Judge Sumi rejected Van Hollen's request to vacate her order and started the full hearing on the District Attorney's case by considering the LRB's actions. In discussing her March 18 order, which restrained and enjoined further implementation of Act 10, she said "apparently that language was either misunderstood or ignored, but what I said was the further implementation of Act 10 was enjoined. That is what I now want to make crystal clear." Judge Sumi issued an amended order at the close of the March 29 hearing restraining Secretary of State LaFollette from designating a date of publication (in addition to restraining actual publication), but does not add any additional parties to the order.
Judge Sumi did not find any individuals in contempt of court, nor did she make a decision on whether Act 10 has become law. The next hearing is scheduled for Friday, and the Attorney General's appeal is still awaiting review at the Wisconsin Supreme Court (which is not expected to consider the case until after the April 5 Supreme Court election).
Is Act 10 Law?
The second page of Judge Sumi's order includes a paragraph declaring that Act 10 is not published and is not in effect, but the judge apparently crossed it out and initialed it. Judge Sumi likely wants more testimony on the matter during Friday's hearing. At 8:15am on March 31, Judge Sumi amended her order to declare that Act 10 is not law. At 2:30pm, the Department of Administration announced it would comply with the order and halt implementation.
However, determining whether Act 10 is in effect looks to be a question of law, not a question of fact requiring witness testimony. The primary question depends on the interaction of several statutes. The question looks to be whether a bill becomes law after the "physical publication" carried out by the LRB, or on the day after the "publication date" designated by the Secretary of State.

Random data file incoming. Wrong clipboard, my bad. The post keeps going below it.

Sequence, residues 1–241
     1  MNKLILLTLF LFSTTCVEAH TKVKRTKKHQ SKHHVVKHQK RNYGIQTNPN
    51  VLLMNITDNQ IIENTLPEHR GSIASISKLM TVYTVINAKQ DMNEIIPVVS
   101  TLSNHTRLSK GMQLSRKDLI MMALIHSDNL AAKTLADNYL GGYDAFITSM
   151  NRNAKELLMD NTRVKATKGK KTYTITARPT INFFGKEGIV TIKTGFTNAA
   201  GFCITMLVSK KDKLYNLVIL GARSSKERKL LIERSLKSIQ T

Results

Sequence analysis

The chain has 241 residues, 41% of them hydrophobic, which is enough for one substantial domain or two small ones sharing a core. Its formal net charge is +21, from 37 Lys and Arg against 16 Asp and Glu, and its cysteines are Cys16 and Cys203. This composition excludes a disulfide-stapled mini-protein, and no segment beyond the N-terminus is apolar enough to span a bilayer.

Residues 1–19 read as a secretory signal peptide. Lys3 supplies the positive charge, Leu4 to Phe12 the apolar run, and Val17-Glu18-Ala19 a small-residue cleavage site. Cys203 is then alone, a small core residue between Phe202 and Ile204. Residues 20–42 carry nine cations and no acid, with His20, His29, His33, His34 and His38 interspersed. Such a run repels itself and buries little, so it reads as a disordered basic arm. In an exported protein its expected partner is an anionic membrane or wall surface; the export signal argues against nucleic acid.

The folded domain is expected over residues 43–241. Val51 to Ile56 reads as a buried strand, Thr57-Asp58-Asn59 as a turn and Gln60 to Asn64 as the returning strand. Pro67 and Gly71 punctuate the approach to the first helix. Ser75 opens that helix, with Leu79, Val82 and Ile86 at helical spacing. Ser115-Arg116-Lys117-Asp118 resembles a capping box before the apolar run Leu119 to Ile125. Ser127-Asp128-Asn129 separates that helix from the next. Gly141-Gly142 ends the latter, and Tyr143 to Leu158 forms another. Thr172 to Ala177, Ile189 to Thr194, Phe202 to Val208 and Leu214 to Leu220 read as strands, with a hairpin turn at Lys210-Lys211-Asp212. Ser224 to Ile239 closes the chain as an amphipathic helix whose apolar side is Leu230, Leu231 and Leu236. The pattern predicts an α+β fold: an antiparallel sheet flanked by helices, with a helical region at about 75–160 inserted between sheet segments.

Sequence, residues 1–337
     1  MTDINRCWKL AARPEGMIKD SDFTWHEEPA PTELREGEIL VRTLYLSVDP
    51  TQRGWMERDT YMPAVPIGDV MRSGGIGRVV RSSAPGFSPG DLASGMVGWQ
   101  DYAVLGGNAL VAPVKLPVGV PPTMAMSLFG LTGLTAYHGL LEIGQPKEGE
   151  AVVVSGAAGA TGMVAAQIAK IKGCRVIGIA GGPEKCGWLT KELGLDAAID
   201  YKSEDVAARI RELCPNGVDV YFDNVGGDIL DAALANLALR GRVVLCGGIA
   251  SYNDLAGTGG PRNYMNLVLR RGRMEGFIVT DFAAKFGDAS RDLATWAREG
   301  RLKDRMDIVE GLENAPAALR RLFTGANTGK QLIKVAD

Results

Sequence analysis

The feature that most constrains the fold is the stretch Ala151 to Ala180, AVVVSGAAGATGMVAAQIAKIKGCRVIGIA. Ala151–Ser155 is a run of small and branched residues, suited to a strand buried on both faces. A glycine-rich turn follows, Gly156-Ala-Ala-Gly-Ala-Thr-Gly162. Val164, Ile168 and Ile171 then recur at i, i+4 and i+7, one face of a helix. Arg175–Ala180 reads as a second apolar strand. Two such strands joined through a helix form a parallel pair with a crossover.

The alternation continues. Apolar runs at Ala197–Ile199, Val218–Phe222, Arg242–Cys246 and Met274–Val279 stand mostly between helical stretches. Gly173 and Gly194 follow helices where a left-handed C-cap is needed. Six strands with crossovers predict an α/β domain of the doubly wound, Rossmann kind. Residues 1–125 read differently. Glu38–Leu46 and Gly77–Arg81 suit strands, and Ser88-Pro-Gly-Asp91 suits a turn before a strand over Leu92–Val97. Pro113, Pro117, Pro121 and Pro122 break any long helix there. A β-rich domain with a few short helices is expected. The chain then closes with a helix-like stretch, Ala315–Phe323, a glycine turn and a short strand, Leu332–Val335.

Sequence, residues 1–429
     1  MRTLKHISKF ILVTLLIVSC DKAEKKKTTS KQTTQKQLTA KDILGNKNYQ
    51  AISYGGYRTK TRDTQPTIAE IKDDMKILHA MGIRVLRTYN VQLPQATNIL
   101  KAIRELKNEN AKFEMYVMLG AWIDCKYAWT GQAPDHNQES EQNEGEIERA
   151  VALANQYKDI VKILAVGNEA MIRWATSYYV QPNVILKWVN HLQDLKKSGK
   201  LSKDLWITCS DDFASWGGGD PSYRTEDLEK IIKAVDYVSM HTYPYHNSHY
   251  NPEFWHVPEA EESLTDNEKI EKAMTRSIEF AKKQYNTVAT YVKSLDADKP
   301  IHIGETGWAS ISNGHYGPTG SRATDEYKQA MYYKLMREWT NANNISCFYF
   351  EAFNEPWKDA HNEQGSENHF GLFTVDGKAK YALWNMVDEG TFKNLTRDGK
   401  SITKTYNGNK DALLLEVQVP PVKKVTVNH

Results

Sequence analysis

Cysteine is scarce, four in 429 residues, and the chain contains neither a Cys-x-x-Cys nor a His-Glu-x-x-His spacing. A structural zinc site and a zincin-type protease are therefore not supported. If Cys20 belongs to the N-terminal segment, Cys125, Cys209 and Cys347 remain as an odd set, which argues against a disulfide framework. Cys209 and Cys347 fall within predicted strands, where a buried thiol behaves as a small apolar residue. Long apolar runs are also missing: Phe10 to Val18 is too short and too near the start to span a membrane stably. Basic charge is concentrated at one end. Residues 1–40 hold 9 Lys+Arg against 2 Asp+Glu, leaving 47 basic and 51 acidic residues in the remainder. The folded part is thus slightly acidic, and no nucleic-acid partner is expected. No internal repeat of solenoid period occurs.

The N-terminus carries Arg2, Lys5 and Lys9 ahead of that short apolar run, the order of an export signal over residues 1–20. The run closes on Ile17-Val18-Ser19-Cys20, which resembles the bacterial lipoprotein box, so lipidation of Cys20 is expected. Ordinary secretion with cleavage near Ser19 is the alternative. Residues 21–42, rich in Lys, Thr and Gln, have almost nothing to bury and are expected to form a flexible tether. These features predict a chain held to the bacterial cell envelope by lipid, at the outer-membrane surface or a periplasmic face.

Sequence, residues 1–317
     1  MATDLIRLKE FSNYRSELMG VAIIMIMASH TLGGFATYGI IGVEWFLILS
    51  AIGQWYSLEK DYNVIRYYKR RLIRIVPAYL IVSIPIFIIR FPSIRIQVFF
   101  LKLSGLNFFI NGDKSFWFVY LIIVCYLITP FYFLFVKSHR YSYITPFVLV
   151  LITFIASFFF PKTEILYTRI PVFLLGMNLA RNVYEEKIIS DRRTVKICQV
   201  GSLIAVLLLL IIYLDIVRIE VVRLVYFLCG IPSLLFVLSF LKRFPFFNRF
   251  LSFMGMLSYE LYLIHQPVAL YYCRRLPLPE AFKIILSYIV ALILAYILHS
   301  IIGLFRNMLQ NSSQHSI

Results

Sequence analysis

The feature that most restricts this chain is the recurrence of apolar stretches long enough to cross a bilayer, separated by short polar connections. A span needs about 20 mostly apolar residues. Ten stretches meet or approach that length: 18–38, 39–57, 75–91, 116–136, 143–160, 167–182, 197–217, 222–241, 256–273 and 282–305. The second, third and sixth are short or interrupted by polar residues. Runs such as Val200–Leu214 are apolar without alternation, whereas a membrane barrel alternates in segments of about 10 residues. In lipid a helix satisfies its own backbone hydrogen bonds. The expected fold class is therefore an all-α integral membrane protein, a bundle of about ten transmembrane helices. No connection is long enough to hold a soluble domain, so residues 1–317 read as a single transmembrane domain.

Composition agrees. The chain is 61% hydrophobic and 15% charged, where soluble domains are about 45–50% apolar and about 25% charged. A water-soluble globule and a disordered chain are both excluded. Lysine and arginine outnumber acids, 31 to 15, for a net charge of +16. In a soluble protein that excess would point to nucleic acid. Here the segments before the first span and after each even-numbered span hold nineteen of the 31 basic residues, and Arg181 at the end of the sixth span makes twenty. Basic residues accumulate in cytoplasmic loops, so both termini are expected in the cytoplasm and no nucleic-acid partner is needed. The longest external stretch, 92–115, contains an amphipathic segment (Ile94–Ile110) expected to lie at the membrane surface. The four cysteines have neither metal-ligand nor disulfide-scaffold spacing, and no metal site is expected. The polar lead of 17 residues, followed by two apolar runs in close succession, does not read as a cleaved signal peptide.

Judge Sumi may have (initially) declined to rule on this matter for two reasons. First, a ruling on this complicated matter of law could have given the Attorney General a new basis for filing a new appeal. Second, perhaps she wants more testimony to determine whether any parties can be charged with contempt of her March 18 order.
Is anyone in contempt of court?
If the Secretary of State had published the law after Judge Sumi's March 18 order he would have undoubtedly violated it. However, as stated above, the LRB was neither named in Sumi's order nor discussed in the lawsuit, and parties outside of lawsuits are typically not subject to restraining orders. An entity that acts at the direction of, or in collaboration with, a party to a lawsuit can be subject to a court order; however, it appears that the LRB acts independently. Perhaps witness testimony could shed light on the relationship.
Senate Majority Leader Scott Fitzgerald is named in the lawsuit but likely not subject to Sumi's order based on legislative immunity. Fitzgerald ordering the LRB to publish Act 10 to "further implement" it into law appears to violate a reasonable understanding of Judge Sumi's order. Unless a way around legislative immunity can be found, though, Fitzgerald may be off the hook.
Where are we going?
Friday, April 1 is the next hearing on the request for Act 10's permanent injunction for an Open Meetings violation. The Wisconsin Supreme Court is not likely to consider the Attorney General's appeal until after the April 5 elections, at which point additional points of contention will likely have arisen.
Regardless of what happens, the legal battle will not end on Friday.
Assume Judge Sumi finds that Open Meetings laws were violated and enjoins the Secretary of State from publishing and setting a publication date. The Wisconsin Supreme Court could reverse if it decides that a judge cannot prevent a law from taking effect (even if a court can overturn a law once it is passed). It could also reverse by finding that Open Meetings violations cannot be punished by voiding legislation.
Fitzwalkerstan will likely insist that Act 10 became law when the LRB published, and that Judge Sumi's ruling enjoining the Secretary of State does not change that. The Wisconsin Supreme Court may have to consider the question of what publication, or what date of publication, makes a bill law.
If Act 10 is considered "law" based on either the LRB's publication or because Judge Sumi cannot prevent a bill from becoming law, a new set of legal challenges will likely be filed. The Dane County District Attorney could file a suit on the same basis to void the law (assuming Open Meetings violations can be punished this way). Once the law is passed, affected parties would also have standing to bring additional lawsuits.
But the past month in Wisconsin has demonstrated that only the unexpected can be expected. The saga continues.